Skip to content
My WebMD Sign In, Sign Up

Women's Health

Font Size

Yeast Infection Treatments: Over-the-Counter Vaginal Creams

You can treat most vaginal yeast infections with an over-the-counter vaginal cream or suppository. You can buy these nonprescription vaginal creams and suppositories at most large drugstores and supermarkets.

Many yeast infection treatment doses come in one-day, three-day, and seven-day strengths. Many of the over-the-counter vaginal creams and other products you can buy often contain the same ingredients to fight a yeast infection as the medication your doctor might prescribe -- but in less concentrated doses.

Recommended Related to Women

5 Health Habits It's Okay To Skip

By Virginia Sole-SmithDo you really need to eat breakfast every day? Here, five "must-do's" you can think twice about. Don't tell your mother we said so, but she wasn't right about everything -- at least not when it comes to your health. Research shows that some of those habits you've been told to maintain aren't backed up by much evidence, or even plain old common sense. Five "must-do's" you can think twice about:

Read the 5 Health Habits It's Okay To Skip article > >

Yeast Infection Treatments: Vaginal Creams

Vaginal creams are typically placed inside the vagina with an applicator to kill off the yeast that cause yeast infections. Vaginal creams, sometimes called "antifungal creams," usually come packaged with an applicator that helps you measure the right dose.

Common examples:

  • Gyne-Lotrimin or Mycelex (clotrimazole)
  • Gynezol or Femstat (butoconazole)
  • Monistat (miconazole nitrate)
  • Vagistat-1 (tioconazole)

Be sure to read all package directions carefully before using any vaginal cream to treat a yeast infection.

Some vaginal creams are used only at bedtime, because they can be messy and leak out of the vagina during the day. Some of these creams may come with a topical vaginal cream designed to be applied to the opening of the vagina and surrounding tissue (called the "vulva") and used externally, rather than inserted into the vagina. The topical cream may help relieve itching while the antifungal cream treats the yeast infection.

If you use a vaginal cream to treat a yeast infection, you may want to abstain from sex if you're using condoms or a diaphragm for birth control. These oil-based creams can damage the latex in a condom or diaphragm.

Yeast Infection Treatments: Tablets and Suppositories

Some of the same medications (such as clotrimazole and miconazole) are manufactured into tablets or suppositories to treat yeast infections. You insert these into the vagina and let them dissolve; some brands call them "ovules" because they're oval-shaped. These products often come packaged with a plastic "inserter" that helps you insert the medication into the vagina.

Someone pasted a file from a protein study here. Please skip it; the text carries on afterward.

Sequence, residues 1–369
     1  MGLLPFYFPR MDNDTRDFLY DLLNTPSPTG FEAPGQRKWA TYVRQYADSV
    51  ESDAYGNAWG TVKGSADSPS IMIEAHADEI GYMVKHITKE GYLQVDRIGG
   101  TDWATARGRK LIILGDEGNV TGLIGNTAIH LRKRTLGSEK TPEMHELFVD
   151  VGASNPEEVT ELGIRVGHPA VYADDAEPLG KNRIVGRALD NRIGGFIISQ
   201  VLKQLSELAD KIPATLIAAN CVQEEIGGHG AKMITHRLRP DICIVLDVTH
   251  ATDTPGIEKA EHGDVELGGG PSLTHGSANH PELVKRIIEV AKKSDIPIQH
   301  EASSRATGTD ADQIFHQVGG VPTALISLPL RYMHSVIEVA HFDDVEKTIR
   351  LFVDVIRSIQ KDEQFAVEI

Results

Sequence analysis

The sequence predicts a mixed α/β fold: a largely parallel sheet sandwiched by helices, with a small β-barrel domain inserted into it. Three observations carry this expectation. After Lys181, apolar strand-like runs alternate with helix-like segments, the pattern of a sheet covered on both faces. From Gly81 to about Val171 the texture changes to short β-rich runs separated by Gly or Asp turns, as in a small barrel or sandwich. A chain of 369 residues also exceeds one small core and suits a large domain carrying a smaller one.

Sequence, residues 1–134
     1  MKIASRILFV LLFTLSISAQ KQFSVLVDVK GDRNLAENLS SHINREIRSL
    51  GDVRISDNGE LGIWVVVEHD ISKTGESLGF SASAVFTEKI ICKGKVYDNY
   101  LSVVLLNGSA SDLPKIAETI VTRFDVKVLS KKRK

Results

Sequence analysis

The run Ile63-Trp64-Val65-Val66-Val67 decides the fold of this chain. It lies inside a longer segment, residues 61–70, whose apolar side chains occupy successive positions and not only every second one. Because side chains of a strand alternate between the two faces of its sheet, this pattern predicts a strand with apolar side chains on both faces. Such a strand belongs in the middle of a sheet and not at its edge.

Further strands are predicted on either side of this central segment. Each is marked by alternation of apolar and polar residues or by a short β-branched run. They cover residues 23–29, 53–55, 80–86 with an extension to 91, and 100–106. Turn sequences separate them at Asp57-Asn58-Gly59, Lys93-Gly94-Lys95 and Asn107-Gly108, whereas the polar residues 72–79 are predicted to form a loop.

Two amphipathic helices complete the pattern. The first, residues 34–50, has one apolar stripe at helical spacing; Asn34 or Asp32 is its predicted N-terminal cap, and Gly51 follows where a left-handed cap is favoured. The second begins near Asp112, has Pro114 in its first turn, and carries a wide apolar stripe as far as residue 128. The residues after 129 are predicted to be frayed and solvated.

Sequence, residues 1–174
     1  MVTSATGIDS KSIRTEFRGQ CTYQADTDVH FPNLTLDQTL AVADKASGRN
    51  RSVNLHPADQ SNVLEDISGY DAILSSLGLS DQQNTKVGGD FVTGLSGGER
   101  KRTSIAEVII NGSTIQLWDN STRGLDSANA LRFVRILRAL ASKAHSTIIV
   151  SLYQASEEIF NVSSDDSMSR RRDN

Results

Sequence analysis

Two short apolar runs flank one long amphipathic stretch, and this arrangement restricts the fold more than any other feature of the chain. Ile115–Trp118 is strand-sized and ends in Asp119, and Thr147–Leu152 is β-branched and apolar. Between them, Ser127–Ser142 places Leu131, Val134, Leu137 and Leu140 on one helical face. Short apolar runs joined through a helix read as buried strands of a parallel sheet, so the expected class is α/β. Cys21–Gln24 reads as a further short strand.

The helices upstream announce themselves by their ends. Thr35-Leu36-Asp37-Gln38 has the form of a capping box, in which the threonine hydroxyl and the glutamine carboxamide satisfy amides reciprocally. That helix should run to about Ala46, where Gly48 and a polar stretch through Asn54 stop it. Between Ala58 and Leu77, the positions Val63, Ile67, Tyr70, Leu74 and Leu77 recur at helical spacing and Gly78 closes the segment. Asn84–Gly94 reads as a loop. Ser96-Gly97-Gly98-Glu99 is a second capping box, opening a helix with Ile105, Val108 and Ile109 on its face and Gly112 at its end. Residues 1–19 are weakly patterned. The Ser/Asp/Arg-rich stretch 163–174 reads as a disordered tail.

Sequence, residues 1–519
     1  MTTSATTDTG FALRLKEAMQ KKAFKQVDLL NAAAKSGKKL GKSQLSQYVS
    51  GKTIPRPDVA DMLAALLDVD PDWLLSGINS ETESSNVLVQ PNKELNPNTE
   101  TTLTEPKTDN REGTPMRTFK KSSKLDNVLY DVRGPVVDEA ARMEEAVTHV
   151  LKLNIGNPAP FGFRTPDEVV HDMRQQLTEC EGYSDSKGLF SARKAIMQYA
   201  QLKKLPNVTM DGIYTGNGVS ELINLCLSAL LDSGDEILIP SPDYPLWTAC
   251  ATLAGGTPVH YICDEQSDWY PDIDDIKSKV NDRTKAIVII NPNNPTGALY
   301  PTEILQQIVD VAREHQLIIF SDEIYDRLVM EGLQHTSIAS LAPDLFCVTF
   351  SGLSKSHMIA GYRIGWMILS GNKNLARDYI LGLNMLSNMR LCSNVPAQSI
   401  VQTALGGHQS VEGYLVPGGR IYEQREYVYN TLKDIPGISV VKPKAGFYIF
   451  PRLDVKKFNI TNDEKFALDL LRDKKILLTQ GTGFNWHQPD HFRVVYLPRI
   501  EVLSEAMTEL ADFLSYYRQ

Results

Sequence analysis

One benefit of a tablet is that it's less messy than a vaginal cream and less apt to ooze out during the day. Another benefit of tablets or suppositories: the doses are typically stronger and used for fewer days, so symptoms are relieved sooner.

Yeast Infection Treatments: Safety Tips

  •  Be sure you actually do have a yeast infection before you start treatment. As many as two-thirds of women who treat themselves with OTC products actually don't have a yeast infection but another kind of vaginal infection. See your doctor if you're not absolutely sure you have a yeast infection, because using the wrong medicine can make a yeast infection harder to treat -- and can prolong the problem if it's not a yeast infection.
  • Be sure to follow the package directions exactly on how often to use any yeast infection treatment and how much of the product to use, because the dosage is designed to work with the growth cycle of the yeast. Call your doctor or pharmacist if you have any questions about treatment.
  • Antifungal medications can interact with a number of drugs. Be sure to talk to your doctor or pharmacist before taking an antifungal if you are taking other medications.
  • No matter which yeast infection treatment you try, see your doctor if your symptoms don't disappear after taking the full course of medication. Frequent, repeat yeast infections can be a sign of a more serious condition, including an early sign of HIV.

WebMD Medical Reference

Reviewed by Mikio A. Nihira, MD on August 22, 2012

Today on WebMD

hands on abdomen
Test your knowledge.
womans hand on abdomen
Are you ready for baby?
birth control pills
Learn about your options.
Is it menopause or something else?
Couple with troubles
Bone density illustration
Young woman being vaccinated
woman holding hand to ear

Send yourself a link to download the app.

Loading ...

Please wait...

This feature is temporarily unavailable. Please try again later.


Now check your email account on your mobile phone to download your new app.

Blood pressure check
mother and daughter talking
intimate couple
puppy eating